Health providers are feuding over the value of online medical services.
The row has been fuelled by New Zealand-based www.doctorglobal.com's offer to provide free health advice for one year to a rural community without a GP.
New Zealand Medical Association chairman Pippa MacKay has branded the offer as a "publicity stunt" to promote Doctor Global's paid-for services, saying there is no real substitute to face-to-face consultations with a GP.
Online advice is "appropriate", adds MacKay, but what is needed is "a properly funded rural health strategy [that] would make this sort of publicity stunt unnecessary".
Tony Molloy, chairman of the New Zealand Rural GP Network, also expresses similar concerns.
However, Doctor Global CEO Dr Tom Mulholland says McKay is "living in the Dark Ages" and online health services are the way of the future.
The doctor-owned and operated Internet medical company has a Virtual Health Care Centre, which it says can supply sound service and expertise, regardless of location, to help "overcome the rural health crisis".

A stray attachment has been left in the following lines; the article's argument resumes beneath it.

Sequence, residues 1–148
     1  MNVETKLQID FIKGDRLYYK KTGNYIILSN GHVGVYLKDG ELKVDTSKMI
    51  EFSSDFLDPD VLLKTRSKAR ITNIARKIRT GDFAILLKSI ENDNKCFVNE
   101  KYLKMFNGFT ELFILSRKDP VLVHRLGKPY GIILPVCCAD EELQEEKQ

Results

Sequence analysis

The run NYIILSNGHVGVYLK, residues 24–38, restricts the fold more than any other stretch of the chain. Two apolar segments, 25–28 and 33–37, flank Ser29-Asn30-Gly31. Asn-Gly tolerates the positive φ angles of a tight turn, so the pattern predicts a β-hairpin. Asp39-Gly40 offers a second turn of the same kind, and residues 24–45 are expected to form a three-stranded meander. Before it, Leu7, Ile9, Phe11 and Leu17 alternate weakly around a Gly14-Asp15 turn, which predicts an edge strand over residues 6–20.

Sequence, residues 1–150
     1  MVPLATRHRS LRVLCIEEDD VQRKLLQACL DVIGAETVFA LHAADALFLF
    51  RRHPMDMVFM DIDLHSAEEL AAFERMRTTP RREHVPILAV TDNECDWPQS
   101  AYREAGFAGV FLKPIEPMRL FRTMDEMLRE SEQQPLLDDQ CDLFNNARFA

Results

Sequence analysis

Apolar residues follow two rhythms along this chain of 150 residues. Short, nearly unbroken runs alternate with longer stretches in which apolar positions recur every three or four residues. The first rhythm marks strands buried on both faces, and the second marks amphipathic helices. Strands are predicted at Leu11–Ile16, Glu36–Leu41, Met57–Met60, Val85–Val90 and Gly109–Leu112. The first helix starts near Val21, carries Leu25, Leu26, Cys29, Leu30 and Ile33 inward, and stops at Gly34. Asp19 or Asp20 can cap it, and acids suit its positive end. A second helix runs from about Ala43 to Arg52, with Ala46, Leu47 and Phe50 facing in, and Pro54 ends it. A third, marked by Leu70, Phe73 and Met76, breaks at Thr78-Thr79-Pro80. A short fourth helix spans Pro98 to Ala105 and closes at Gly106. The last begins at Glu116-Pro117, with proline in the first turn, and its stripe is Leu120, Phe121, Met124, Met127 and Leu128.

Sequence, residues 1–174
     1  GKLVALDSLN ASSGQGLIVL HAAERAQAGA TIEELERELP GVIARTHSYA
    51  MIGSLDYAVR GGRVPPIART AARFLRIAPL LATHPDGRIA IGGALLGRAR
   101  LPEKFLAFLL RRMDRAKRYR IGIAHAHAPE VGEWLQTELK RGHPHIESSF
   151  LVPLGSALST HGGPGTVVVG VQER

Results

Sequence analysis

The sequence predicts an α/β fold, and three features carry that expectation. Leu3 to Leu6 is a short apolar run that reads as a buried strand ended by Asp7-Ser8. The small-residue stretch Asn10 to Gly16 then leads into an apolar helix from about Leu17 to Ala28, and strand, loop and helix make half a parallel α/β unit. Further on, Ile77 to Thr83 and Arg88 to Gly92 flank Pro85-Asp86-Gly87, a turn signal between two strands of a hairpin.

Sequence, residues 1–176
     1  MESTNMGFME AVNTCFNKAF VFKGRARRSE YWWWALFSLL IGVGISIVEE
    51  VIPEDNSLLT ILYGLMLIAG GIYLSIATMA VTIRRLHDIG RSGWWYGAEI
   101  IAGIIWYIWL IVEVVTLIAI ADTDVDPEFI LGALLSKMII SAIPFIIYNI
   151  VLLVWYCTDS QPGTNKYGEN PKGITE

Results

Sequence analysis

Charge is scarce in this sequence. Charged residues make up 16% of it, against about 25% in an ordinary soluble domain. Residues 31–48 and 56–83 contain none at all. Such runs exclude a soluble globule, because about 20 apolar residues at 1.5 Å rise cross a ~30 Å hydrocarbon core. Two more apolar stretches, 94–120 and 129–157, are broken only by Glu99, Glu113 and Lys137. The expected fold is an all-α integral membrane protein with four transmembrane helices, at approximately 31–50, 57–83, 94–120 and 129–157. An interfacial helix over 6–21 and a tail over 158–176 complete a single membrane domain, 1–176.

"It's hard to get doctors to rural communities so we can deliver virtual house calls," says Mulholland.
Doctor Global has been providing confidential online consultations for the past year for a fee of $30.
The organisation has 30 GPs and medical specialists working in nine e-clinics nationwide, as well as having staff in Australia, Asia and the UK.
Dr Mulholland believes the consultations will improve outcomes and save unnecessary travel.
"If residents do not have computers in their homes, a nurse can be the contact point between the people and the doctors," he says.
MacKay says her association has "anxieties" about online healthcare as it seems "fraught with potential hazards putting both the patient and doctor at risk".